5) Now jack up the car and set it on four stands to keep the car level. Set the height around 15 inches so that you can easily slide under the car and place pads of carpet to protect the frame from chipping.
6) Remove all the engine-transmission bolts that you can reach through the cockpit. The top right bolt screws into the block. There are two special bolts called dowel pins. These have a special shaft with a machined groove where the threads begin. The head is flat (no circular dimple) and may have machining marks visible. Leave the two bolts at the bottom of the bell housing in place for now. Nuts on the top left and middle left bolts are most easily reached from underneath. Set an open-end wrench on them which will jam against the foot well as you undo the bolt from the cockpit.
7) Remove the bolts holding the clutch slave cylinder the bell housing, cotter pin and clevis pin. The push rod can be left in the slave cylinder. Check the clevis pin for wear!
8) Disconnect the cable from the starter and remove the two starter bolts. Place heavy towels over the frame and a rag between the starter and engine to protect against chipping any paint. The starter can be removed from underneath by sliding it forward and over the right frame rail.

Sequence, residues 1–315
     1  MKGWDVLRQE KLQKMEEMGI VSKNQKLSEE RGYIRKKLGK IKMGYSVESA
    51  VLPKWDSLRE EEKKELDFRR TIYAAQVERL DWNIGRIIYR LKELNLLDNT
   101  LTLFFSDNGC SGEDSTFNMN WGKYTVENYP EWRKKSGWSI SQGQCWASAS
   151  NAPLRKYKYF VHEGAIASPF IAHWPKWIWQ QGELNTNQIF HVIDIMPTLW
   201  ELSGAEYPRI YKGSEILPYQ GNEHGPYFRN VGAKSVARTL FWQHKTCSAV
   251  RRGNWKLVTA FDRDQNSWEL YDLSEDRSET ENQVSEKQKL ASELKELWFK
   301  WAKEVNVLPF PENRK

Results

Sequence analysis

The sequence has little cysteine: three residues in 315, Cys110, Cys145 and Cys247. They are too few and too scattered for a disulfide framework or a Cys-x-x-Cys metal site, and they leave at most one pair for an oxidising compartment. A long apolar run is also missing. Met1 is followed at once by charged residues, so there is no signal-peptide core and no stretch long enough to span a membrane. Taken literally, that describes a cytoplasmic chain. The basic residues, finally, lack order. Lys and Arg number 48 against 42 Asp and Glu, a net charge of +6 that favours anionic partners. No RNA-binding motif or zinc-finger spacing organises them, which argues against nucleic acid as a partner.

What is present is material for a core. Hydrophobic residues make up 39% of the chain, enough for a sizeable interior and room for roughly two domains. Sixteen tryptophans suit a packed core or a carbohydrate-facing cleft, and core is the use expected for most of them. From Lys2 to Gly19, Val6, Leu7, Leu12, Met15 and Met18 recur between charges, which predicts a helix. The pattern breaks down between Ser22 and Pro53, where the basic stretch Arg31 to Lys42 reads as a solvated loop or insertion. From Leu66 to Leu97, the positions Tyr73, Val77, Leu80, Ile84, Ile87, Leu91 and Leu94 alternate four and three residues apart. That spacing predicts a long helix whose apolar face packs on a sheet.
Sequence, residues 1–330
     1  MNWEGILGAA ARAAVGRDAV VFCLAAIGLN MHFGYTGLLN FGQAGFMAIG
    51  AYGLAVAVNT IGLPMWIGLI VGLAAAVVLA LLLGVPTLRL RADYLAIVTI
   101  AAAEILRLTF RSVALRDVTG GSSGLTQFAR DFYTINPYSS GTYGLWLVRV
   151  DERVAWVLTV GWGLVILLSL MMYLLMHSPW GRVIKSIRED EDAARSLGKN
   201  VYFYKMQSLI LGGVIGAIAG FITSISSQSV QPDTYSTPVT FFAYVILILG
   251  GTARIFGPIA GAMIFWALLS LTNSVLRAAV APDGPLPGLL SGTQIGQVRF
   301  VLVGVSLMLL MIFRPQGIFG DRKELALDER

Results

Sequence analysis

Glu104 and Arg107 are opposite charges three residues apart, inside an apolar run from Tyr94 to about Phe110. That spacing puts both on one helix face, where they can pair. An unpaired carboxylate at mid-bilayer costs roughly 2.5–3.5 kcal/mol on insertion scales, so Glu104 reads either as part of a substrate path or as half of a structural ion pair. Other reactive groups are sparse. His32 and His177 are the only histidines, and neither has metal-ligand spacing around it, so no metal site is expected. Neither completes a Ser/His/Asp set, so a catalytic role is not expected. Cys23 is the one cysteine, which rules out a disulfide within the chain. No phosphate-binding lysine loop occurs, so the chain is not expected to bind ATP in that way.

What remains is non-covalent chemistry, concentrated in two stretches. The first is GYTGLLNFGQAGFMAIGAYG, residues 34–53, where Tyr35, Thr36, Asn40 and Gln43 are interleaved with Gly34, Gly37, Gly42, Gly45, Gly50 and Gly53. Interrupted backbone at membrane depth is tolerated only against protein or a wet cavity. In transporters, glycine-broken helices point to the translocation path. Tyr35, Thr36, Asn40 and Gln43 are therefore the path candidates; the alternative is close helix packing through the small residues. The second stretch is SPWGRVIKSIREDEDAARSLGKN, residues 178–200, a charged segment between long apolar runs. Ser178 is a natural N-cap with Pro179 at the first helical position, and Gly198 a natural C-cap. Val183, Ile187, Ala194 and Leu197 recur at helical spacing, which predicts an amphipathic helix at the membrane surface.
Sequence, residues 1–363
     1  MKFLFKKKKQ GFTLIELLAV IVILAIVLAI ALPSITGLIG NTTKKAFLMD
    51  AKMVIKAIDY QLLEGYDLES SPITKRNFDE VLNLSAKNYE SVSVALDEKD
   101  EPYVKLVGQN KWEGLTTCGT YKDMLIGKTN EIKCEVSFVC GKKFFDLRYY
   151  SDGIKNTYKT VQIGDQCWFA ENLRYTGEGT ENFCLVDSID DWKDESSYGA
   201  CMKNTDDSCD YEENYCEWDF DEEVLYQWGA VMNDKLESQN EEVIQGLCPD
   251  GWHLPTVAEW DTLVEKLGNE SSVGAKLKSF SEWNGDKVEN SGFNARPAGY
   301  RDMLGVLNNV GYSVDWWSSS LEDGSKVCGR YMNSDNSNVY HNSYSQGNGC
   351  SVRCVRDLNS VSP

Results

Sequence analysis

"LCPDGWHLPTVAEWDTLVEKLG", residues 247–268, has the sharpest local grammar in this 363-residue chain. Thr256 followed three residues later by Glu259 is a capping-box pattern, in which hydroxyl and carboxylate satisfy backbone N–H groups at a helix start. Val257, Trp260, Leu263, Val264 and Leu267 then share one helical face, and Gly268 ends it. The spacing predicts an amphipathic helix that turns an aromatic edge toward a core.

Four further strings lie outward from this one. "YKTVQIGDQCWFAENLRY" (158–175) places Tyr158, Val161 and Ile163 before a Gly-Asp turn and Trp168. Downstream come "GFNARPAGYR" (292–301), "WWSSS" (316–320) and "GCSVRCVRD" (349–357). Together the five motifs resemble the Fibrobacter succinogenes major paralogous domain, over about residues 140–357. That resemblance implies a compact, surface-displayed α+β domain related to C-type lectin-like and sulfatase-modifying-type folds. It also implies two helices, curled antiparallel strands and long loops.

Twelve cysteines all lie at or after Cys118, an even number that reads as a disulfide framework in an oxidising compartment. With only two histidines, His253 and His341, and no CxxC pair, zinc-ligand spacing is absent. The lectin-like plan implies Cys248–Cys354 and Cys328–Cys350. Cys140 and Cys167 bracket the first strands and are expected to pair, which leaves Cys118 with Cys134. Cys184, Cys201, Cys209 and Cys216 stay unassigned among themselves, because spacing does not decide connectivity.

9) Disconnect the drive shaft and push it back towards the differential. Some grease will squirt out of the yoke. Use paper towels under the yoke to catch the grease and protect the frame paint.
10) Place a hydraulic piston jack under the engine pan. Use a 3/4” board against the pan (with carpet or towel pad) and a steel plate 1/4” thick and 3-4” square to spread the load from the jack punch point to the board. Pump the jack until the boards just rest against the pan bottom and the engine is supported slightly. (Photo 1)
11) Undo the rear transmission mounts from the frame and the drag link to the frame crossmember. (Photo 2)
12) Wrap the transmission with a large towel. Leave some bunched material at the rear for drawing over the rear mounts when they are free of the frame.
13) Place a floor jack with the pad built up about three to four inches using wood blocks under the cast iron transmission housing. Leave about three to four inches of level gearbox housing clearance between the jack pan and bell housing so that it can be slid rear-wards without interference. The blocks will fit up between the main frame rails when the jack is raised and will prevent interference from the jack arm hitting the frame. Cover the blocks with a pad of carpet and jack up until contact is made. Then jack up the transmission about 1/2” so that the rear mounts clear the frame and raise the jack under the engine so that it “keeps up.” The top flange of the bell housing must clear the fire wall/scuttle when the transmission is drawn back into the passenger compartment. Draw the bunched towel out to cover the transmission mounts, wrap it and hold it tight with spring clamps.